Bacillus thuringiensis Cry proteins and the bacterium itself are interchangeable when used as pesticides. If the plant has been genetically modified, it contains the Cry protein within itself. If
a pesticide has been used, the plant is coated in the bacteria. Both accomplish much of the same effect, but the Genetically Modified method tends to work better.
It is best to divide the process into three sections.
In Part A, the active crystal protein is attached to the Bt spore. This spore is ingested by an unfortunate organism, and the work begins. The spore and crystal enter the digestive tract, where they make their way to the
In Part B The crystal surrounding the protein breaks off from the spore and begins to dissolve. Once the crystal has been completely dissolved, the toxin is activated. This entire step occurs in the gut of the insect, and is the first specificity test for Bt. In order for the crystal to be dissolved and the toxin to become activated, the pH level must be within a very limited range. If the pH is too low (acidic), the acid will dissolve the toxin before it can take affect, if the pH is too high (basic), there will not be enough acidity to dissolve the crystal, and the toxin will pass through the organism's digestive tract without being activated. Thus, only specific organisms will have the correct pH balance to release the toxin.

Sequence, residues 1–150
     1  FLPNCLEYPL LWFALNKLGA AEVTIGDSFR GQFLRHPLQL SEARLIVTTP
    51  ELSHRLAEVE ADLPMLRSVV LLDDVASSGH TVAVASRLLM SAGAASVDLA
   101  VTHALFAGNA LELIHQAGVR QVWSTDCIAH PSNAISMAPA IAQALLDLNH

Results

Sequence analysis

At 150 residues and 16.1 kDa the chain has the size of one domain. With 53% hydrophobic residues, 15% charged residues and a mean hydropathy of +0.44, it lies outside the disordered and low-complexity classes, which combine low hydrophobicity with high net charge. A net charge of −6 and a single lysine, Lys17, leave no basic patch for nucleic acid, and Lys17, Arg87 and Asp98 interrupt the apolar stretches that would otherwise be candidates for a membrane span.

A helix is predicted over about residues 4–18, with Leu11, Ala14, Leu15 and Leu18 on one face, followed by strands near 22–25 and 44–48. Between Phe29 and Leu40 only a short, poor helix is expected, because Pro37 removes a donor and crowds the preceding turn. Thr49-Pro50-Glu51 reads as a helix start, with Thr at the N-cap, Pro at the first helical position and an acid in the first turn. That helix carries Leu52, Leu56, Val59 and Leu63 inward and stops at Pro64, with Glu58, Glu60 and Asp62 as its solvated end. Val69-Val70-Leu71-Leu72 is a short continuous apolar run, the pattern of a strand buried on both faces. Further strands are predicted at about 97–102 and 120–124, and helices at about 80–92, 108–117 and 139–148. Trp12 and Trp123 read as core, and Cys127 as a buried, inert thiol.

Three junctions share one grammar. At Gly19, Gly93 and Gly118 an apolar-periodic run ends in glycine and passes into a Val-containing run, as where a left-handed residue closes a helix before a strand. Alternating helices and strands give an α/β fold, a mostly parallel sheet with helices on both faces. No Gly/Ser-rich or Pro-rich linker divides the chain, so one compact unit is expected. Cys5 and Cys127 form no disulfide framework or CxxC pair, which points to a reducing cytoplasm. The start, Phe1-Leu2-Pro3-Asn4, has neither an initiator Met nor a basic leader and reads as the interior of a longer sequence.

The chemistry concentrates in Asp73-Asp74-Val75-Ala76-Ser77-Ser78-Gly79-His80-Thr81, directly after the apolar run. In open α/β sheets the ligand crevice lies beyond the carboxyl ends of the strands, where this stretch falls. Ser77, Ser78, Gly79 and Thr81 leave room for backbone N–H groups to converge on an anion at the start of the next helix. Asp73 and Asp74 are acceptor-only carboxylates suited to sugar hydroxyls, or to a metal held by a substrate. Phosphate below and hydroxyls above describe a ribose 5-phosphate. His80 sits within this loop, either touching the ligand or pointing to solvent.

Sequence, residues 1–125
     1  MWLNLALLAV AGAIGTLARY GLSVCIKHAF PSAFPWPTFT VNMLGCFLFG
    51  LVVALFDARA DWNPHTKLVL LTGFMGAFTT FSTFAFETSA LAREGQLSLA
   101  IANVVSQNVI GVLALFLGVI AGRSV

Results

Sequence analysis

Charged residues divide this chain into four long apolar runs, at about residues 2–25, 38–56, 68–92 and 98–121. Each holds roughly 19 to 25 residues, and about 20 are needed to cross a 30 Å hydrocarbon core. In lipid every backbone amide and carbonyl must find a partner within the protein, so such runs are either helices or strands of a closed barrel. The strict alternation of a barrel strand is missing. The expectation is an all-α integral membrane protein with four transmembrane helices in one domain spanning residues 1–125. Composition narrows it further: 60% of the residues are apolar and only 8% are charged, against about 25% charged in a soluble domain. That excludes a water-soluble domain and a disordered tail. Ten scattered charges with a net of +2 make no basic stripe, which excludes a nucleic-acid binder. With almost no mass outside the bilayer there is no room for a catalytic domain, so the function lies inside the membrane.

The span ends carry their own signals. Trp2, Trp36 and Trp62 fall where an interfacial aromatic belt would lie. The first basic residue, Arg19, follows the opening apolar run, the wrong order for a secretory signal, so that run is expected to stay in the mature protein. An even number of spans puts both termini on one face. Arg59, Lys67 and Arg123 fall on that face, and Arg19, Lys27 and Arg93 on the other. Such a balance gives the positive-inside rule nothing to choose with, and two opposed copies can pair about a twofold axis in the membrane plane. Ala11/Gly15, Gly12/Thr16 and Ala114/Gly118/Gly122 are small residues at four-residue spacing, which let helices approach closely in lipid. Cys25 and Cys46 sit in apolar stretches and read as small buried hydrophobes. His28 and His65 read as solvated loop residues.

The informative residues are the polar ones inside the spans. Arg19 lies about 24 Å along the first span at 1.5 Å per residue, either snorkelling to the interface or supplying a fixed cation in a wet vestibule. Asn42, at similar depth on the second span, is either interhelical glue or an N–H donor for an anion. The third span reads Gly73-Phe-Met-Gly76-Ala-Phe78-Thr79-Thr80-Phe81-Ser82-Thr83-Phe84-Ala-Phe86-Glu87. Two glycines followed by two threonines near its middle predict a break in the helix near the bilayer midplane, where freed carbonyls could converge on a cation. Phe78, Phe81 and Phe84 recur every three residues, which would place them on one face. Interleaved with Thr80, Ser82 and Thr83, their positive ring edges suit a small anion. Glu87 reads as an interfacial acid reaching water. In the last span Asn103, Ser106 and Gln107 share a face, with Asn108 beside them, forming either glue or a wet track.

In Part C the toxin actually takes affect. The toxin binds itself to receptors in the gut. In this illustration, it shows small square shapes along the gut membrane, which are (in actuality) folds along the gut membrane. Once the toxin binds itself to the membrane, it begins to bore holes through it. It completely perforates the gut membrane. Multiple toxins will bind and follow these steps, until the creature has been paralyzed, or starves to death. The creature is paralyzed because its stomach acids leak out into the rest of the body causing serious damage (pleasant). It is for this reason that the insect is unable to digest, and can therefore starve to death with a full stomach. This step is another of the specificity tests of Bt. If the folds in the gut membrane are too large or too small the toxin will not be able to bind to the gut membrane. Only specific organisms will have the correctly sized folds, and thus, will be affected.
Bacillus thuringiensis gives a caterpillar the one-two
Courtesy: International Programme on Chemical Safety